Top women’s cross country runner Letesenbet Gidey and under-20s men’s runner Hiroto Yoshioka have both dramatically collapsed in sight of the finish line in terrifying scenes.
In the women’s race over 10km at Bathurst’s Mount Panaroma, Ethiopia’s Gidey — the 5,000m, 10,000m and half marathon world record holder — took the lead on the final lap and pulled away from Kenya’s Beatrice Chebet.
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She looked to have timed her race perfectly but began grimacing in the closing stages and collapsed with barely 100m to go, handing world 5,000m silver medallist Chebet the title in 33 minutes and 48 seconds.
Gidey was illegally helped to her feet and stumbled over the finish line, but was disqualified.
Fellow Ethiopian Tsigie Gebreselama came second with Kenya’s Agnes Jebet Ngetich third.
“You know, it is a matter of endurance, believing in yourself and just hard work,” said Chebet.
But Gidey’s collapse left fans in shock by the scenes.
“That was heartbreaking watching that finish. Hope she is OK,” one fan tweeted.
“That was very painful to watch, really hope Gidey is okay and healthy,” another added.
However she wasn’t the only one either as early leader Yoshioka also collapsed at the end of the men’s under-20s race.
He eventually crossed the line in 39th but he had to crawl over the line.
The commentators called it a “tough as guts effort” just before he fell to the ground.
“That is sheer guts,” the commentators said.
In the men’s race, Jacob Kiplimo upset distance king Joshua Cheptegei to win the world cross country title Saturday.
Uganda’s Kiplimo clocked 29min 17sec around the 10km-long course at Mount Panorama in Bathurst, northwest of Sydney — better known as one of the world’s most challenging motor racing courses.
He crossed nine seconds clear of Ethiopia’s Berihu Aregawi with fellow Ugandan Cheptegei taking bronze.
“The course was really good, even with lots of wind, it was really intense,” Kiplimo said.
“For me it was really good because there are lots of hills where we train in Uganda. It was not easy but I did my best.”
Cheptegei — the 5,000m and 10,000m world record holder — was defending the title he won four years ago in Aarhus, Denmark when Kiplimo took silver.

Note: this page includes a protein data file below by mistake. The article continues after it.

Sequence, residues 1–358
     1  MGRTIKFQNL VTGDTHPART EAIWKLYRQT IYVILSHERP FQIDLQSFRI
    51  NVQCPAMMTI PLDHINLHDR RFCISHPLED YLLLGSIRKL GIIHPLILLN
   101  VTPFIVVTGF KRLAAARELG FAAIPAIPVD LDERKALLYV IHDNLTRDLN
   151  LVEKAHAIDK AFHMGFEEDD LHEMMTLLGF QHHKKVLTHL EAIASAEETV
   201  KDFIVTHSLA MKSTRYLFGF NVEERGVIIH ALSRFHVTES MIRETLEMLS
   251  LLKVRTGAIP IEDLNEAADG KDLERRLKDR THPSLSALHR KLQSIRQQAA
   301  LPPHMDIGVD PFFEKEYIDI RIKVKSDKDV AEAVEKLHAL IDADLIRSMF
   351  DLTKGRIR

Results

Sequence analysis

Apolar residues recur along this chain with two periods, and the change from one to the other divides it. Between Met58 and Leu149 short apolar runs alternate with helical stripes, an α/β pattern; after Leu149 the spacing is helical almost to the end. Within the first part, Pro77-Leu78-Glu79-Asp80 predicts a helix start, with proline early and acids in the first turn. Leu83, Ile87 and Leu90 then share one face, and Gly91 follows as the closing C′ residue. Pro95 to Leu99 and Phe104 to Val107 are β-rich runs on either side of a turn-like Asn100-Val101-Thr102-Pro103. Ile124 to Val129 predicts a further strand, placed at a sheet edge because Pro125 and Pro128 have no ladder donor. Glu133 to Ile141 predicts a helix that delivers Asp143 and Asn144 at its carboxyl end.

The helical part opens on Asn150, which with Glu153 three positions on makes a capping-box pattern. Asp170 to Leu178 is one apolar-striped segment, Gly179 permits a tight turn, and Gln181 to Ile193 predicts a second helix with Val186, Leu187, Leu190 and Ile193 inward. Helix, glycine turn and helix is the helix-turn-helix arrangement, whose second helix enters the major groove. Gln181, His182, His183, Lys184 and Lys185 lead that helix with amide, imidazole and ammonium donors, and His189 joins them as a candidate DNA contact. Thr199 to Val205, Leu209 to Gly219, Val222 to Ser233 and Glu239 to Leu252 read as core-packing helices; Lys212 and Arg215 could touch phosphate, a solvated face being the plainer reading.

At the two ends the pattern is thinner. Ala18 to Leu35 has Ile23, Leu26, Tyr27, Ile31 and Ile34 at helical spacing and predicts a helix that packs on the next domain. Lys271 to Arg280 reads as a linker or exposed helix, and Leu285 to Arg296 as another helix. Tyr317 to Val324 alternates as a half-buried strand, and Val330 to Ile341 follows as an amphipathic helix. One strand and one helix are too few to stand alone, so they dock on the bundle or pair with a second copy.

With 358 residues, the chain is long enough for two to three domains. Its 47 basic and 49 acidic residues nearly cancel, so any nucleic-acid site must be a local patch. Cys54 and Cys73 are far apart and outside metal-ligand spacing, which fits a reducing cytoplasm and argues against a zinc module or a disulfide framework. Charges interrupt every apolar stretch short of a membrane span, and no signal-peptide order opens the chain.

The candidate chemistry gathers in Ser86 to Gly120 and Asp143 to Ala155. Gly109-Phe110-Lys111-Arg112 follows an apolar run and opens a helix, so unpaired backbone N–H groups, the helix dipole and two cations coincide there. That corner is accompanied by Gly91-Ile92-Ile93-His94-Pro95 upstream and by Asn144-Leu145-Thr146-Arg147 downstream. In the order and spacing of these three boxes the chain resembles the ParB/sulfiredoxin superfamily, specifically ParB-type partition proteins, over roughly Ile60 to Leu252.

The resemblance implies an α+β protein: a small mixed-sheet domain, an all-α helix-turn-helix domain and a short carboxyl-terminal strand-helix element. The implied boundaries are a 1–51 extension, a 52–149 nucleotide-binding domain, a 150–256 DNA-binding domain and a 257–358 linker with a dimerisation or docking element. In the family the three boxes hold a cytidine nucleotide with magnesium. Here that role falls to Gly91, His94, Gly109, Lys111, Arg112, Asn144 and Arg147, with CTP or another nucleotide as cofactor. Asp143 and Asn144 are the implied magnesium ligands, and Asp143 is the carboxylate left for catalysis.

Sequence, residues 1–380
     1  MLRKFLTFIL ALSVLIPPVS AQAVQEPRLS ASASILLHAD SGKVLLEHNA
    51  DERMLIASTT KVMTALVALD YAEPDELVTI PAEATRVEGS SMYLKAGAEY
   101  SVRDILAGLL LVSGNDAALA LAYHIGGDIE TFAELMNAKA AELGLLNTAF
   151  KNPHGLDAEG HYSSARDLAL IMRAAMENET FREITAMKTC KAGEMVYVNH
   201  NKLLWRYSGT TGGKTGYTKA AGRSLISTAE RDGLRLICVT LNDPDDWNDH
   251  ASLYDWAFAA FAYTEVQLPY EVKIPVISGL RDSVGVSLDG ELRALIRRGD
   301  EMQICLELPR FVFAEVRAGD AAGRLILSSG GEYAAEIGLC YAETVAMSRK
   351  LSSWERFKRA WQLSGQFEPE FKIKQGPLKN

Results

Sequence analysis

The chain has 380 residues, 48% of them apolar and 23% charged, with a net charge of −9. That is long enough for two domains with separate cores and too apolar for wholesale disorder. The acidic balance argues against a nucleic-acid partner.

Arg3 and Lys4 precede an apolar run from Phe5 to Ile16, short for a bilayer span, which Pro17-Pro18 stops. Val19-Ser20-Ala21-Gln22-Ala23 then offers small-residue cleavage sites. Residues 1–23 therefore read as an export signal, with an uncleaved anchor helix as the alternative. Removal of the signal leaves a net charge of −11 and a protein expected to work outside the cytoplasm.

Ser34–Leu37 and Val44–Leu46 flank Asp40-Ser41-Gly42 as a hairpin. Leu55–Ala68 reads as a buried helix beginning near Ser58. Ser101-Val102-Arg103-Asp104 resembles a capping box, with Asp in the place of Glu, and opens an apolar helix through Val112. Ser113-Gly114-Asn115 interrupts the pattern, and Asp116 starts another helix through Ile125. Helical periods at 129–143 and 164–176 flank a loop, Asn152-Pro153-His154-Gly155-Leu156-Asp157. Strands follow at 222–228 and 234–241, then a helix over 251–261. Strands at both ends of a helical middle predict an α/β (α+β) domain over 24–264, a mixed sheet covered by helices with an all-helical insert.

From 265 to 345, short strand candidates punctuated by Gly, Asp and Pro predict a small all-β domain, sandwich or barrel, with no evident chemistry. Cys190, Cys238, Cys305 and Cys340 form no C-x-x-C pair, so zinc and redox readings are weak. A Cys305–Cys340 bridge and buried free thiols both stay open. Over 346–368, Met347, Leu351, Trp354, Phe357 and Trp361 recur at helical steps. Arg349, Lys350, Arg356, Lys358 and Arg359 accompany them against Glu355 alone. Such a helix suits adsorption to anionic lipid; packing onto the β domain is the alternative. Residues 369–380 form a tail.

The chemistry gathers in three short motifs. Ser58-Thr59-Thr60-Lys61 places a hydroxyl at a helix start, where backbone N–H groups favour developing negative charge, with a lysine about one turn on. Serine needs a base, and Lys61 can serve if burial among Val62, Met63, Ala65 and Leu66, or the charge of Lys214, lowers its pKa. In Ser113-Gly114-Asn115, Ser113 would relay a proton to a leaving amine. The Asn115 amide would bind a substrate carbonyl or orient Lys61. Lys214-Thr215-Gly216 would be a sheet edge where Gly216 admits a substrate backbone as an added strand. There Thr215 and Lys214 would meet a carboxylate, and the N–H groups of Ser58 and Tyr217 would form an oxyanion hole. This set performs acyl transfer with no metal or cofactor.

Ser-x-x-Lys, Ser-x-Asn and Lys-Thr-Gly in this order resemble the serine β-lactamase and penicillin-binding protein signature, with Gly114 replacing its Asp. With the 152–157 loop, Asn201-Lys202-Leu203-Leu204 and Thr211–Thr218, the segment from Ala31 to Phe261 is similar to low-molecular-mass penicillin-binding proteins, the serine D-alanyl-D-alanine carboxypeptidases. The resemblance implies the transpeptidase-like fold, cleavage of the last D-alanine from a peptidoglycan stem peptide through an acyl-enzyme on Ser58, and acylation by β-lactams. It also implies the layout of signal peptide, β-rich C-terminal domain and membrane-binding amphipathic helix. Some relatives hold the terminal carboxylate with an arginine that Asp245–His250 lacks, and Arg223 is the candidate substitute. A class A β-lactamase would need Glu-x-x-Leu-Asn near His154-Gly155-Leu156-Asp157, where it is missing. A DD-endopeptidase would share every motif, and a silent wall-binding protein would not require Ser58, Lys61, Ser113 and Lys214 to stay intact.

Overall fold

But after leading the pack through much of the race he was overhauled by his countryman on the final lap of five and didn’t have the legs to reel him in.
“The course was challenging … and I think I was not so much prepared, but to come here and be on the podium, I can be grateful,” said Cheptegei.
“I am very happy for Jacob, because we were working as a team and with each other to prepare and win the title.”
They faced a gruelling challenge on a hot day, with an uphill start followed by a run through a vineyard and a rapid 350m downhill section before an uphill run at the end of each 2km loop.
Kenya won the mixed relay, where two women and two men each run a 2km loop, in 23.14 — seven seconds ahead of Ethiopia to avenge their defeat by the fellow African powerhouse in Denmark. Australia came third.
The Aussie team of Ollie Hoare, Jessica Hull, Stewart McSweyn and Abbey Caldwell claimed the historic bronze and were blown away by the achievement.
“I was just trying to stay patient and not get too carried away because I’ve done that plenty of times before,” Hull said.
“Chasing was probably a good way for me to run the leg because I was able to measure it out a bit more.
“ … it was incredible (being first at the changeover).
“You see all the kids on the sidelines going nuts – it was pretty damned incredible.
“I was so confident in Stewy and Abbey to come, that they were going to run their hearts out.
“I knew we were in a really good spot, regardless of what colour medal we ended up coming away with.”
Kenyan Ishmael Kipkurui claimed the men’s U20 title while Ethiopia’s Senayet Getachew was the women’s champion.